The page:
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NO–The Second Most Important Gas in your Body

Nitric oxide (NO) is one of the most important gases in your body, second only to oxygen (O2). In 1998, the Nobel Prize was awarded to the three scientists who co-discovered the essential role of nitric oxide in the human body — and in particular its role in heart health. That same year, the president of the American Heart Association, Dr. Valentin Fuster stated:

“The discovery of NO and its function is one of the most important in the history

of cardiovascular medicine.”

Nitric oxide floats throughout the 60,000 miles of blood vessels in the body, reaching every cell. It’s vitally important to recognize that the half-life of nitric oxide is only three to five seconds. Once synthesized in the body, nitric oxide immediately begins to deteriorate to 50 percent within approximately five seconds. This means that the body must constantly replenish nitric oxide in order to sustain optimal healthy levels.

Beginning at the ages of 40 to 50, the body’s natural production of NO can drop by upwards of 50 percent. This is significant, as NO is essential not only for heart health, but also for proper immune function, erectile function, brain function, blood vessel dilation, and multiple other vital processes in the body.

A medical journal article published in 2017 shared research findings that beetroot juice can improve cardiorespiratory endurance in athletes. It has been shown in previous studies that beetroot juice helps fuel nitric oxide (NO) production. Additional foods that help support NO levels include kale, Chinese cabbage, watermelon and leafy vegetables. Supplementation with citrulline and arginine can also help increase nitric oxide.

After NO augmentation, improvements in athletic performance were observed as measured by the relationship between oxygen consumption and power generated. Researchers also found that NO supplementation enhanced performance at various distances, lengthened the time to exhaustion at submaximal intensities, and increased cardiorespiratory performance at anaerobic threshold intensities and maximum oxygen uptake (VO2max).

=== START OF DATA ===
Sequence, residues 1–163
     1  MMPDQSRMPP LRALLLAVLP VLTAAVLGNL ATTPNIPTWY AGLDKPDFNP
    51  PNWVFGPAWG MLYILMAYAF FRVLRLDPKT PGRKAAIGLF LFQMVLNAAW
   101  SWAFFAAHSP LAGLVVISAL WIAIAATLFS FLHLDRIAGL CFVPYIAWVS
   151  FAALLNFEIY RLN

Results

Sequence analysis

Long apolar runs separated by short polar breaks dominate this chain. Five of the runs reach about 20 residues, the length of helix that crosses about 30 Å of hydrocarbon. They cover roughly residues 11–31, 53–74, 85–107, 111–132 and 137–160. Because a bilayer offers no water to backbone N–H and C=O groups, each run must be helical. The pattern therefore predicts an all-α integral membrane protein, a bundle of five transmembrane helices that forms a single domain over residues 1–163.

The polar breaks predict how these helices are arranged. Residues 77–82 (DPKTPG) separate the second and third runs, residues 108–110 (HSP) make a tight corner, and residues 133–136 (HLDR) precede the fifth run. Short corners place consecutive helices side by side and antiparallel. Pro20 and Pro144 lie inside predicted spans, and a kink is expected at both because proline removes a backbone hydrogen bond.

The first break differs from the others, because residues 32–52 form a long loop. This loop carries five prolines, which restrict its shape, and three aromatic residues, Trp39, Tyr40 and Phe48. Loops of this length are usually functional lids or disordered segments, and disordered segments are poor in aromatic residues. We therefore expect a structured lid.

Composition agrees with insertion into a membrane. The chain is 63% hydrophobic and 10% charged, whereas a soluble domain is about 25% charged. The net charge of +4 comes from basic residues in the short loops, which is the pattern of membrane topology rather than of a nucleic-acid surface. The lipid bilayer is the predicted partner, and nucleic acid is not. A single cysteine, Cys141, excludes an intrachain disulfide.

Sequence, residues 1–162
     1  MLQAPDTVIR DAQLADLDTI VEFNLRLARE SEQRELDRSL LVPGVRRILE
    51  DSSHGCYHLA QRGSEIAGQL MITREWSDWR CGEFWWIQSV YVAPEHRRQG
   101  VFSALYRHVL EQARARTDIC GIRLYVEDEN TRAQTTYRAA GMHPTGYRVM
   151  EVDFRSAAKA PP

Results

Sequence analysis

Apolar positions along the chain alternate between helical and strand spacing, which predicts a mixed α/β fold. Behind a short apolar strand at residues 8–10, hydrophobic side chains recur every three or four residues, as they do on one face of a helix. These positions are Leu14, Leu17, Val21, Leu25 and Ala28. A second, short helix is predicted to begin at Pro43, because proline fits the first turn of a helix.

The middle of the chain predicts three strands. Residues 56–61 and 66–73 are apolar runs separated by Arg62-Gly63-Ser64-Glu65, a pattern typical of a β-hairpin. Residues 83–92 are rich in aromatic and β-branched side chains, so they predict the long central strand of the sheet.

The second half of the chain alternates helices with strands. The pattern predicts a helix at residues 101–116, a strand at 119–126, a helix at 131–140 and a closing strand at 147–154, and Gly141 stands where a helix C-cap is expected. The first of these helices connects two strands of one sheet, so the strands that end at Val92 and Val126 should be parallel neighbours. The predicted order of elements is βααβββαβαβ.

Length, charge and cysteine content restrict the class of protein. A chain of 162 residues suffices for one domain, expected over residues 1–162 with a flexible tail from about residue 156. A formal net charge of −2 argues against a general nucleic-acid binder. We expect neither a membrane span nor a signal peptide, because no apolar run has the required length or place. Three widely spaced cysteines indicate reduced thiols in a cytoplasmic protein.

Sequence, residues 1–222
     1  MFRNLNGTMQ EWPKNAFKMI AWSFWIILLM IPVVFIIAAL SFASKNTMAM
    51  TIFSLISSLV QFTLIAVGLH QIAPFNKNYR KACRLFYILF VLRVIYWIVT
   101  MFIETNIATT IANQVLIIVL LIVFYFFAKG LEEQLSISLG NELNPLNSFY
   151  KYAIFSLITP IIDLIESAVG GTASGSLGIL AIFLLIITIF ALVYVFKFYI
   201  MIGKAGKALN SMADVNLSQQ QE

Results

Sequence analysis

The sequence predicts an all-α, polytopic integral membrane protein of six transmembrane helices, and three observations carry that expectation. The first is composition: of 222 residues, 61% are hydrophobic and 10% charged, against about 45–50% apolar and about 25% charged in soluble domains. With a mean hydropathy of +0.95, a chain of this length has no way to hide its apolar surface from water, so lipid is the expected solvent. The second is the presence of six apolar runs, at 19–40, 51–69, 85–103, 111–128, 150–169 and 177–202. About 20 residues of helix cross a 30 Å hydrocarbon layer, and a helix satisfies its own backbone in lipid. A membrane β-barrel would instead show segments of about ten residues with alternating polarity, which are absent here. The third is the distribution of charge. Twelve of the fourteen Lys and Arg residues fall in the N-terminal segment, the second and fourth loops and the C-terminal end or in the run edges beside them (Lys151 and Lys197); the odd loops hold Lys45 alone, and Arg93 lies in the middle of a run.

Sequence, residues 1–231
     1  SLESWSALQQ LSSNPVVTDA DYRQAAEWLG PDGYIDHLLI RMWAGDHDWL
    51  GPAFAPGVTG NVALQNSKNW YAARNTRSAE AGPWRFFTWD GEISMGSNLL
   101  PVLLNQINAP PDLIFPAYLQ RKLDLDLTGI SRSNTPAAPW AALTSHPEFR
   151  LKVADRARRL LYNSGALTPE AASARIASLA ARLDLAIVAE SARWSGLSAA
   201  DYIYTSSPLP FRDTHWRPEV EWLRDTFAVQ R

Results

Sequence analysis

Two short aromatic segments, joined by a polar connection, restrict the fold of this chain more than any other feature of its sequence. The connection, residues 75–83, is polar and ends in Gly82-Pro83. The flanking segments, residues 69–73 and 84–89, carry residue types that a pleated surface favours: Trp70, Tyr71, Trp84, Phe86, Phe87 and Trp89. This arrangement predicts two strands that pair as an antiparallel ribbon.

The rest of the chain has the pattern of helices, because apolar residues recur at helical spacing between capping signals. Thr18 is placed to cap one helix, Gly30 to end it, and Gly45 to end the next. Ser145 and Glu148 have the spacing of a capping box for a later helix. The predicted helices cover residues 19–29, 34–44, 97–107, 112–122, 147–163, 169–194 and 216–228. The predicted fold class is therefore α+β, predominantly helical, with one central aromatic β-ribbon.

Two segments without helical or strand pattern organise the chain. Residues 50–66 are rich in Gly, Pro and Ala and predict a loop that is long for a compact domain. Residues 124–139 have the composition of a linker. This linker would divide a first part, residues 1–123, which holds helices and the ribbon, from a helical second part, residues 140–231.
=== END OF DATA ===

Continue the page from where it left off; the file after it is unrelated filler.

Among diabetic individuals, an apparent catch 22 has been associated with lower nitric oxide levels. This suggests that supporting nitric oxide levels in diabetes may be particularly important.

Maintaining optimal nitric oxide levels may help improve many health conditions, including:

  • Hypertension
  • Atherosclerosis
  • Thrombosis
  • Alzheimer’s disease
  • Erectile dysfunction
  • Peripheral artery disease
  • Immune dysfunction
  • Chronic inflammation

Take-Home Message

Most of the patients who visit my holistic family practice are already health conscious. Yet over 90 percent of them have tested low in nitric oxide levels, as measured with a salivary test strip that changes color based on the presence of nitric oxide.

I find that a vast majority of individuals do not consume sufficient vegetables—or supplements such as citrulline—to sustain optimal nitric oxide levels. Especially as NO levels naturally decline due to aging and stress, it’s essential to continually replace the body’s supply of this vital gas with a healthy diet and supplementation.

Written by Dr. Chris D. Meletis

Reference:  Domínguez R, et al. Nutrients. 2017;9:pii:E43.

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Improve Posture

  • 1.Avoid slouching. Be aware of your posture as you walk, sit, and drive, keep shoulders squared and head pulled back and up.

  • 2.Imagine a thread pulling the top of your head toward the ceiling. Visualization can help improve your sense of position.

  • 3.If your job requires you to sit for long periods, take frequent breaks to stand, stretch and shake it out.

  • 4.Maintain a strong core to help support proper posture. Add core-training exercises to your daily routine.

  • 5.A firm mattress and ergonomic pillow help achieve proper back support while you sleep, so you'll stand straighter in the a.m.

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